Khadra's Les agneaux du Seigneur, which was published in English as In the Name of God, is the story of Kada Hilal, a man living in a remote village largely unaffected by the fighting in Algiers. When he is rejected as a suitor to the mayor's daughter, Kada departs and joins the Moujahideen in Afghanistan. Later he helps spread the reign of violence to his hometown. In World Literature Today, Nada Elia commented on the force of the original version: "The reader is left breathless, longing for the boredom of the past…. Even for someone seasoned into the ugliness of war, Les agneaux du Seigneur is a disturbing read." The translation was appraised in the Translation Review Supplement, a critic commenting that "Khadra's novel gives [the victims] unforgettable faces and powerfully attests to the worst in human nature."

The transformation of Nafa Walid, a young man from the Casbah in Algiers, is the subject of A quoi rêvent les loups, which was published in English as Wolf Dreams. Walid, a handsome young man hoping to become a movie star, gains employment as a chauffeur for a rich, corrupt family. After he is lured into disposing of the body of his boss's mistress after she overdoses, Walid escapes this nightmare by entering another, becoming trained as an assassin by Muslim fundamentalists. Hédi Abdel-Jaouad made special note of the author's description of the evolving status of the fundamentalists in a review for World Literature Today: "The chapters … are well documented and beautifully written … a salutary reprieve from the graphic inventory of fratricidal strife." The critic called the book "undoubtedly a great novel that one reads with both interest and profit." A contributor to Kirkus Reviews was impressed by Khadra's ability to make Walid's decision to join the fundamentalists "fully credible and even largely sympathetic."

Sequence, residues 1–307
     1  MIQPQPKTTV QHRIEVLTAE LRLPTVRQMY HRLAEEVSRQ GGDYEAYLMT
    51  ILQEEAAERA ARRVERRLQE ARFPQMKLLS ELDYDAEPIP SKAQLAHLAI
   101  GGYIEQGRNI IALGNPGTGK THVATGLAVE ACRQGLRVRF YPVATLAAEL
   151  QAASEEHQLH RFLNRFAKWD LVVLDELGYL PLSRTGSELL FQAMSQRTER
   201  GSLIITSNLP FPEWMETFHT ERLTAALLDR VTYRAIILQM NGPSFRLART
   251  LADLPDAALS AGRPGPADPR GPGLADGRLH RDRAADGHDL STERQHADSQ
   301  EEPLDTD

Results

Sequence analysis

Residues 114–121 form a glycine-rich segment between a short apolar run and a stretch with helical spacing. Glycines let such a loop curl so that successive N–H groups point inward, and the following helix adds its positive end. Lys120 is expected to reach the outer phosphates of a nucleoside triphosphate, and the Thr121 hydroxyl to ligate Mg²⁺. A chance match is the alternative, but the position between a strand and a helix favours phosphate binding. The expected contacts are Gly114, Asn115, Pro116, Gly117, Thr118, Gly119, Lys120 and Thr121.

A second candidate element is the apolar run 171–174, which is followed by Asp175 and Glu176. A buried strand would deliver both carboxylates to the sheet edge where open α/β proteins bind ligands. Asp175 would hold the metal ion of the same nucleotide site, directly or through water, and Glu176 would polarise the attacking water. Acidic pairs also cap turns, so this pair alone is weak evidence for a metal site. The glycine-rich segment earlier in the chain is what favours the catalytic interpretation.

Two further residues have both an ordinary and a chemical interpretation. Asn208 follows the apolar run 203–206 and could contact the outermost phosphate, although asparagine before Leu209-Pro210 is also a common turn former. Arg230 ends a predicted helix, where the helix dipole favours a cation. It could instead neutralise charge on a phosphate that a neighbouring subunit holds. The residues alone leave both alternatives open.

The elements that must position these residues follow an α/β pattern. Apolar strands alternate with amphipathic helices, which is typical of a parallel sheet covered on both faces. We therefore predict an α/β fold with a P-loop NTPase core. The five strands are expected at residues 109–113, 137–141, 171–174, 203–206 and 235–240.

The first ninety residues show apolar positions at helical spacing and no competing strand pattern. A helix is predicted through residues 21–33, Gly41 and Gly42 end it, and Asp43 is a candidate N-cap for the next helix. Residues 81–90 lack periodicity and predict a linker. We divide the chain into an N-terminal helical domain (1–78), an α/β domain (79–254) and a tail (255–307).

Khadra's experiences in Algeria give him special insight into the conditions that existed in Afghanistan during Taliban rule. In Les hirondelles de Kaboul, translated as The Swallows of Kabul, he depicts the moral strain imposed on two men: Atiq is a jailer married to a chronically ill woman and Mohsen is the husband of a beautiful, educated woman who becomes one of Atiq's prisoners. This woman, Zunaira, is falsely accused of killing her husband in a violent argument. Atiq is shaken out of complacency by her beauty and tries to save her. Reviewers found the novel shocking and memorable. A Kirkus Reviews critic was troubled by "static patches" in the extended commentary of the lead characters, but concluded that the novel is "informed by a fine ironic intelligence, and its message is not an easy one to shake off." Booklist writer Olson credited it with "sledgehammer power and authority," while Edward Keane said in Library Journal that The Swallows of Kabul, "ably translated from French, has crisp prose and an ominous—but not heavyhanded—tone." A Publishers Weekly critic noted that the "slim, harrowing novel" is comprised of "simple, elegant prose, finely drawn characters and chilling insights."